Jenisch House (Jenisch-Haus) is a country house in Hamburg built in the 19th century and an example of Hanseatic lifestyle and neoclassical architecture. As of 2008, Jenisch House is the home of the Museum für Kunst und Kultur an der Elbe.

Jenisch House is located in Jenisch Park, Hamburg's oldest landscaped park. The park was landscaped by Caspar Voght as a model farm and arboretum about 1800. It is located in the former independent locality of Klein Flottbek, now part of the Othmarschen quarter of Hamburg with a view toward the Elbe river. In 1828 Jenisch bought the farm and gardens from Voght and redesigned the area with the construction of his house.



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Founded: 1831
Category: Palaces, manors and town halls in Germany
Historical period: German Confederation (Germany)

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User Reviews

Ele Michaela Leisegang (2 years ago)
Die Backwaren und der Service lassen nach. Kaufe seit Ewigkeiten die Hanseaten und mein Brot bei Euch. Bin in Othmarschen über Ottensen angefangen. Kaufe mindestens 2 manchmal 8 im Monat die Hanseaten und vieles vieles mehr. Hatte am Dienstag zwei Hanseaten gekauft. Sie schmeckten chemisch und gar nicht lecker. Nach meiner Nachfrage am Donnerstag, (ergo 2 Tage später) hat sich nichts in der Rezeptur geändert und ich wäre die erste, die Kritik äußert. Unverschämt wäre das. Hatte trotzdem erneut zwei neue gekauft. Leider dominierte wieder dieser chemische Geschmack. Ist die Kritik in der Bäckerei angekommen? Ich bezweifle dieses. Zum ersten Mal habe ich mich bei Euch unwohl und überrumpelt gefühlt. Masse anstatt Klasse?
Florian Hermann (2 years ago)
Ein Sehr schönes und nettes haus mit traum blick auf die elbe
Holger Zschau (3 years ago)
Habe das Gebäude nur von außen gesehen. Liegt am nordwestlichen Rand im dazugehörigen Park. Sieht gut erhalten aus. Innen ist ein Museum: "Kunst- und Kulturgeschichte" [Wikipedia]. Etwas weiter steht das Ernst-Barlach-Haus, in dem Kunstwerke vom Namensgeber ausgestellt werden. Dadurch ist für Kunstinteressierte das ganze Ensemble interessant. Sehenswert allemal!
Dhruvil Shah (3 years ago)
Nice location, the park is really beautiful The only problem is the caretaker are so nervecracking. Follow you everywhere and there are tons of rules (basic ones i support)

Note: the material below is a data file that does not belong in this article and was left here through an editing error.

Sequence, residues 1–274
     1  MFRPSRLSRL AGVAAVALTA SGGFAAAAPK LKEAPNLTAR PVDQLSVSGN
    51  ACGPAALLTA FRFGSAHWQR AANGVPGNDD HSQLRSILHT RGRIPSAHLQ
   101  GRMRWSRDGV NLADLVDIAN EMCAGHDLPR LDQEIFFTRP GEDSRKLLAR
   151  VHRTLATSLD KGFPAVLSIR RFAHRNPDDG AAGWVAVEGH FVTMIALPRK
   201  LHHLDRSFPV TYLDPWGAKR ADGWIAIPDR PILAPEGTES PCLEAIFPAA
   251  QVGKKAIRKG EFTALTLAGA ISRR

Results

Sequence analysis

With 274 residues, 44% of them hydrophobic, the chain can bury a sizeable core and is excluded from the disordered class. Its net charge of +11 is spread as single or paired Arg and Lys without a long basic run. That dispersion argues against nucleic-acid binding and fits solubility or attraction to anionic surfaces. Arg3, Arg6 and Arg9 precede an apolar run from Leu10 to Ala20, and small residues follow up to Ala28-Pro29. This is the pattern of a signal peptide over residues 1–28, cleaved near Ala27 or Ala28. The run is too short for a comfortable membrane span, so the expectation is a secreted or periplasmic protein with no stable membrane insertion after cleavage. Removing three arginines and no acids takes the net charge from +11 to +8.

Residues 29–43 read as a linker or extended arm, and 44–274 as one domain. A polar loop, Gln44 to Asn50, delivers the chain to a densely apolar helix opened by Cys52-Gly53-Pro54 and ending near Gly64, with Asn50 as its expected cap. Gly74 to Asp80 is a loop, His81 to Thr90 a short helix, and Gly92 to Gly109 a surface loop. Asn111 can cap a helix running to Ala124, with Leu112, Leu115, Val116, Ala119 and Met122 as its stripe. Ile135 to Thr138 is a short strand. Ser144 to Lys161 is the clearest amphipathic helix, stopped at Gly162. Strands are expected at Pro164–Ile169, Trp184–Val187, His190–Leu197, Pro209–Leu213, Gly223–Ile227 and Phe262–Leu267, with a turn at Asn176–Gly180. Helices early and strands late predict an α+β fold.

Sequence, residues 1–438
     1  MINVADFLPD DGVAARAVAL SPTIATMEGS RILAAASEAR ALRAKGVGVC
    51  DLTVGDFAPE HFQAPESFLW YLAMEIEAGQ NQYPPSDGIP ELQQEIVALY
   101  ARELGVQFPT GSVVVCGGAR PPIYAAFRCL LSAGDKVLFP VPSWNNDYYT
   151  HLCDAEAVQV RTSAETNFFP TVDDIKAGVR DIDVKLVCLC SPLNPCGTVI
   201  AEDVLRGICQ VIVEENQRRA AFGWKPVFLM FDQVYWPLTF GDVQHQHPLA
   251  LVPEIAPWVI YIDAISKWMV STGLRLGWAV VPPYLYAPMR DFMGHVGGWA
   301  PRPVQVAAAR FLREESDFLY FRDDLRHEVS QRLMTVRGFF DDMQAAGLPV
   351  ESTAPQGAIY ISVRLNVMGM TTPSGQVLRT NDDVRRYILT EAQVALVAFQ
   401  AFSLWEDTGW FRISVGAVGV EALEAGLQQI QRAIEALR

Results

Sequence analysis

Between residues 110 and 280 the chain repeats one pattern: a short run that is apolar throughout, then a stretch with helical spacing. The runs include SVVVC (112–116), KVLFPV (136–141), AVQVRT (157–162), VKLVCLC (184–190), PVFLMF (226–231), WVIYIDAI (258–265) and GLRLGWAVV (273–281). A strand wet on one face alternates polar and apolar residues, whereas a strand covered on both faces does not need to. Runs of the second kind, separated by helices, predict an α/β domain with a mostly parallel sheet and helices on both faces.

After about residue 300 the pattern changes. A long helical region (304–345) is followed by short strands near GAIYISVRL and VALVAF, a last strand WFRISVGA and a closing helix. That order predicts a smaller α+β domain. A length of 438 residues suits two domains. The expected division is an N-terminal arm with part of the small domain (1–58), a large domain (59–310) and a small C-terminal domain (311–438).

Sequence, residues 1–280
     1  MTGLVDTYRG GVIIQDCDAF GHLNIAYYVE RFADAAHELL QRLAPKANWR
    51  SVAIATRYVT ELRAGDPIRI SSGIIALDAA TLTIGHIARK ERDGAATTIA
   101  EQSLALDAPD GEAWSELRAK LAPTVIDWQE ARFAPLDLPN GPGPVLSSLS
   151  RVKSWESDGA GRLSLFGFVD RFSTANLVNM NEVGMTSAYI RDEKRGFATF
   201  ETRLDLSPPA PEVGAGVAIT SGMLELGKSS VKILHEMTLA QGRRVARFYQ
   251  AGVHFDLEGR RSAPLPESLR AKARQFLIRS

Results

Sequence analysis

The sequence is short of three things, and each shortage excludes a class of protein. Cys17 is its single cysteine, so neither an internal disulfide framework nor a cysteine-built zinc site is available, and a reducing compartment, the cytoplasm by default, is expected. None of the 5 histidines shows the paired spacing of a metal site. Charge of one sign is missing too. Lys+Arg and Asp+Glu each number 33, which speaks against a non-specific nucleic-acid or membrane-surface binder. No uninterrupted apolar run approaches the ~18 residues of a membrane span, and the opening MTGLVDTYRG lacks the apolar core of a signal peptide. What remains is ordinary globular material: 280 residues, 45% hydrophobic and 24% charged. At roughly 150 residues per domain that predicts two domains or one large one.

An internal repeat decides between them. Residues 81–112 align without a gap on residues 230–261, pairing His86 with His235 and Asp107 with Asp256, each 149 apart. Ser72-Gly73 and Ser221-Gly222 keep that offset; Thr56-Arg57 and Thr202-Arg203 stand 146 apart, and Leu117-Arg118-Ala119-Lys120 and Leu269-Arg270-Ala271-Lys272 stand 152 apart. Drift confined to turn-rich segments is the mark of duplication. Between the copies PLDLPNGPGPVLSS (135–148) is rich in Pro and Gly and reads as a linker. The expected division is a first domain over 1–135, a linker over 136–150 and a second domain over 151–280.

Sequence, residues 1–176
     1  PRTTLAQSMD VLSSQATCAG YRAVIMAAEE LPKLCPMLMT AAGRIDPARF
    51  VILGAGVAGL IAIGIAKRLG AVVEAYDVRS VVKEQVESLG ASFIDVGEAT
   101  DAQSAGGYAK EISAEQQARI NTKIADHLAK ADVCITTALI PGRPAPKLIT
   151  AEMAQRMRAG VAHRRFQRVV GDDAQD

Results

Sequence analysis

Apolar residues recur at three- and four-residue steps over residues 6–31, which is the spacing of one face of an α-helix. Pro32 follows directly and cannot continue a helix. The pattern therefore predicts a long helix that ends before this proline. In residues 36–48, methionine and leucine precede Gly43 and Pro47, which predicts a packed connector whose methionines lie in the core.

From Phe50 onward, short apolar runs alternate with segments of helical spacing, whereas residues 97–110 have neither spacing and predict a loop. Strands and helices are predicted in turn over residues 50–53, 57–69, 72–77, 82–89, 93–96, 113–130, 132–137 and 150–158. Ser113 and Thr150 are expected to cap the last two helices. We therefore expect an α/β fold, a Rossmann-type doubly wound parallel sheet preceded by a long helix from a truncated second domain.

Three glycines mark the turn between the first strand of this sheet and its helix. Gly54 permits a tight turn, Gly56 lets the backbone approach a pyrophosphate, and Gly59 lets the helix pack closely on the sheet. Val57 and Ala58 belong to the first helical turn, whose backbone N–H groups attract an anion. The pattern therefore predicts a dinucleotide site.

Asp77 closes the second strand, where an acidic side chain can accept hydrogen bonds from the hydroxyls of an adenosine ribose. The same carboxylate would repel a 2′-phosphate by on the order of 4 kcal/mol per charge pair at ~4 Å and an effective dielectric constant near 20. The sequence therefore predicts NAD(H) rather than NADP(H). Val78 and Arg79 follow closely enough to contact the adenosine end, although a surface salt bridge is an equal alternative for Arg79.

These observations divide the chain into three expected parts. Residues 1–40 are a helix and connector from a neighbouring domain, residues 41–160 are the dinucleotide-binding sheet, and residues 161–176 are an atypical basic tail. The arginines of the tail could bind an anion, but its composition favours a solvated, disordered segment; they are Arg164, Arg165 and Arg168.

LemaniaLunox (3 years ago)
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Glimmingehus is the best preserved medieval stronghold in Scandinavia. It was built 1499-1506, during an era when Scania formed a vital part of Denmark, and contains many defensive arrangements of the era, such as parapets, false doors and dead-end corridors, 'murder-holes' for pouring boiling pitch over the attackers, moats, drawbridges and various other forms of death traps to surprise trespassers and protect the nobles against peasant uprisings. The lower part of the castle's stone walls are 2.4 meters (94 inches) thick and the upper part 1.8 meters (71 inches).

Construction was started in 1499 by the Danish knight Jens Holgersen Ulfstand and stone-cutter-mason and architect Adam van Düren, a North German master who also worked on Lund Cathedral. Construction was completed in 1506.

Ulfstand was a councillor, nobleman and admiral serving under John I of Denmark and many objects have been uncovered during archeological excavations that demonstrate the extravagant lifestyle of the knight's family at Glimmingehus up until Ulfstand's death in 1523. Some of the most expensive objects for sale in Europe during this period, such as Venetian glass, painted glass from the Rhine district and Spanish ceramics have been found here. Evidence of the family's wealth can also be seen inside the stone fortress, where everyday comforts for the knight's family included hot air channels in the walls and bench seats in the window recesses. Although considered comfortable for its period, it has also been argued that Glimmingehus was an expression of "Knighthood nostalgia" and not considered opulent or progressive enough even to the knight's contemporaries and especially not to later generations of the Scanian nobility. Glimmingehus is thought to have served as a residential castle for only a few generations before being transformed into a storage facility for grain.

An order from Charles XI to the administrators of the Swedish dominion of Scania in 1676 to demolish the castle, in order to ensure that it would not fall into the hands of the Danish king during the Scanian War, could not be executed. A first attempt, in which 20 Scanian farmers were ordered to assist, proved unsuccessful. An additional force of 130 men were sent to Glimmingehus to execute the order in a second attempt. However, before they could carry out the order, a Danish-Dutch naval division arrived in Ystad, and the Swedes had to abandon the demolition attempts. Throughout the 18th century the castle was used as deposit for agricultural produce and in 1924 it was donated to the Swedish state. Today it is administered by the Swedish National Heritage Board.

On site there is a museum, medieval kitchen, shop and restaurant and coffee house. During summer time there are several guided tours daily. In local folklore, the castle is described as haunted by multiple ghosts and the tradition of storytelling inspired by the castle is continued in the summer events at the castle called "Strange stories and terrifying tales".